StableRenters rates landlords and management companies so renters know which ones to trust. Most landlords act responsibly and deserve to be distinguished from the worst that seek profit through neglecting their tenants’ homes. We’re not raising the bar, we’re making one.
StableRenters uses public records and user comments to score every rental property in NYC so renters can see a building’s history of bedbugs, rats, and roaches, heat and hot water problems, serious roof leaks, tenant lockouts or other unhappy and illegal conditions.
Our goals are simple:
- To enable renters to make assertive decisions when finding a new home,
- To force slumlords to shape up or lower their rent to match the increased competition, and
- To reward responsible landlords for the first time with free marketing and a flock of renters eager to do business with an honest professional.
With rapidly rising rents nationwide and an increasing number of renters overall, StableRenters is sure to make your life and city better.
StableRenters ScoresAs all StableRenters ratings are based on public data, our work depends on open access to government records. New York City continues to release loads of helpful documentation, but has yet to open up the Housing Violations and Litigations tracked by the Department of Housing Preservation and Development (HPD).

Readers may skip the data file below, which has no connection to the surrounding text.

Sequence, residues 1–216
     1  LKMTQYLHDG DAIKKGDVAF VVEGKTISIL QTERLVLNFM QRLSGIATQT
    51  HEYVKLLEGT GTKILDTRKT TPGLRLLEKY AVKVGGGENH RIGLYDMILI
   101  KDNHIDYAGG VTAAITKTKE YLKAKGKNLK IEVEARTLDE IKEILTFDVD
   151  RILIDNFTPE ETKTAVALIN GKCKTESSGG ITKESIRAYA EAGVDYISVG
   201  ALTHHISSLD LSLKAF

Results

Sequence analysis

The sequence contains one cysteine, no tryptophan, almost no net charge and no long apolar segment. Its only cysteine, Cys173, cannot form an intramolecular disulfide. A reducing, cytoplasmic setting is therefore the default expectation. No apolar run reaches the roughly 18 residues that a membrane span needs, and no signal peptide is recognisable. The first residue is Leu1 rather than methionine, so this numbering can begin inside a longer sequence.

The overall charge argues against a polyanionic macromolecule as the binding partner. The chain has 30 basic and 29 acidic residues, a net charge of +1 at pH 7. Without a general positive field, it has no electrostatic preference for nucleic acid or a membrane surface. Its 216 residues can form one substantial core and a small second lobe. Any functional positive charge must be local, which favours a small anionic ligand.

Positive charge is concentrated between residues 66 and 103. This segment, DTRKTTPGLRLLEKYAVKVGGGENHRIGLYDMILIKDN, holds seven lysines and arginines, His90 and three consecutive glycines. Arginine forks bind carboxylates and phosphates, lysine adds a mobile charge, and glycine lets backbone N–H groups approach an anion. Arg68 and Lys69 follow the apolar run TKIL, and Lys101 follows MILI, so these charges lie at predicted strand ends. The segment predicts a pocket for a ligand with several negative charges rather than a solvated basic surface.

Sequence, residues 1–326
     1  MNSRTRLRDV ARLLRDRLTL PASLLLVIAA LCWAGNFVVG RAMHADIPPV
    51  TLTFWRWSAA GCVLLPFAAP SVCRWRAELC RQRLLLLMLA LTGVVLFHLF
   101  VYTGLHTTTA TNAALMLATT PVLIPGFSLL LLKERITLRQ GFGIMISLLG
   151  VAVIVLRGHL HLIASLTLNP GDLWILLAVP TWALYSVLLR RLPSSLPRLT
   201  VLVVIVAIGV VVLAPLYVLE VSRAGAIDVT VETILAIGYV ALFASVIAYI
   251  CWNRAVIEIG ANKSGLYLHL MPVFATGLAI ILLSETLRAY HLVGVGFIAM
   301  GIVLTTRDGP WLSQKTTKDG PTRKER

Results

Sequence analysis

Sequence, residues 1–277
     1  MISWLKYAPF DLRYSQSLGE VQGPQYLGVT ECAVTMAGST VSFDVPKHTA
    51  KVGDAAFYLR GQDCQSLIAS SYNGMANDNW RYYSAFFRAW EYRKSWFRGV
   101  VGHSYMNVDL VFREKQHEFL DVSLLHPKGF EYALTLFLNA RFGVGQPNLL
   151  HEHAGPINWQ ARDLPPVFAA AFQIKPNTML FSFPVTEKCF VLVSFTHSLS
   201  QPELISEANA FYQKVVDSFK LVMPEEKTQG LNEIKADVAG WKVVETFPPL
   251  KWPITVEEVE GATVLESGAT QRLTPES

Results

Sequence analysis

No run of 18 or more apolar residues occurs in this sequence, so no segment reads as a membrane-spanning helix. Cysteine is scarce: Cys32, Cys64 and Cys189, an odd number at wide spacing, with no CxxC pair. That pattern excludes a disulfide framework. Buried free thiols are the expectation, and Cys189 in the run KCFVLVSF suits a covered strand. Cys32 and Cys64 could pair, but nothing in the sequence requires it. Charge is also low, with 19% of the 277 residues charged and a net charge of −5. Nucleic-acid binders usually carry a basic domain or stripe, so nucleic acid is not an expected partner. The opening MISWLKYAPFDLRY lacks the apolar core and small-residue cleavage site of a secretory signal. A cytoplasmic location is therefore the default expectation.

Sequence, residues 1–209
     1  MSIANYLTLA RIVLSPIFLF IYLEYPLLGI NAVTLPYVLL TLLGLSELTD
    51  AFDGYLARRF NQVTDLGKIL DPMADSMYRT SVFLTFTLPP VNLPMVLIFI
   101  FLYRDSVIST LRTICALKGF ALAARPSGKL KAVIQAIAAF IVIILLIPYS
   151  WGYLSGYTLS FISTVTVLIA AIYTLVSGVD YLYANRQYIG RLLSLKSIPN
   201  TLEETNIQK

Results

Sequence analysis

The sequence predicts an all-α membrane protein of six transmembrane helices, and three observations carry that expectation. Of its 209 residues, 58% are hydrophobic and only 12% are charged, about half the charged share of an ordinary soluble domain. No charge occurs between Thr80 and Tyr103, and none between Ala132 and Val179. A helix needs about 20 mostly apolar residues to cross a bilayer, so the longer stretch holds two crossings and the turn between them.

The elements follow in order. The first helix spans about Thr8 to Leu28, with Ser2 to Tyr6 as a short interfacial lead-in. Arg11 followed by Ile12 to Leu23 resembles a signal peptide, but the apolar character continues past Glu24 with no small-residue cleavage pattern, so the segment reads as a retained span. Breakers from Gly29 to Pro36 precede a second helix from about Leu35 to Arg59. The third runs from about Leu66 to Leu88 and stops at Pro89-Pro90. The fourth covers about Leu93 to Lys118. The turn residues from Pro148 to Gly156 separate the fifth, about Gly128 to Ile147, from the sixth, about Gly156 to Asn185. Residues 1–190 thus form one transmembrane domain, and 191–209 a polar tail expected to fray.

While we wait, our 133,000 records show Open 311 Complaints and identify landlords and management companies as best we can. And for a small but growing number of properties, we are harvesting the Violations and Litigations by hand from the HPD database and then grading and listing them here. With increased access, we’ll use an advanced algorithm to create grades like these for every rental, condo and coop address in the 5 boroughs. So you’ll always know how healthy a building is before you move in.
Landlord and Management Company InfoFor decades, landlords have conducted their work behind corporations and LLCs, and many tenants remain unaware of who their landlord is. Sometimes this provides legitimate legal protections, while other times it simply clouds a landlord’s identity, and complicates lawful investigation.
However, in August 2009, Intro-087 passed the New York City Council, requiring most landlords to register the humans in control of these corporations and anyone that owns at least 25% of a building or owning corporate entity.
It remains to be seen how this will impact New York City, and you may still find buildings on StableRenters.com that lack such detailed information. But some landlords have complied, and StableRenters is able to show even minority shareholders of many of the properties it tracks. It’s only a matter of time before we get a real grasp on the severity of the situation, and shine a light on those who continue to evade these requirements and their own tenants’ attention.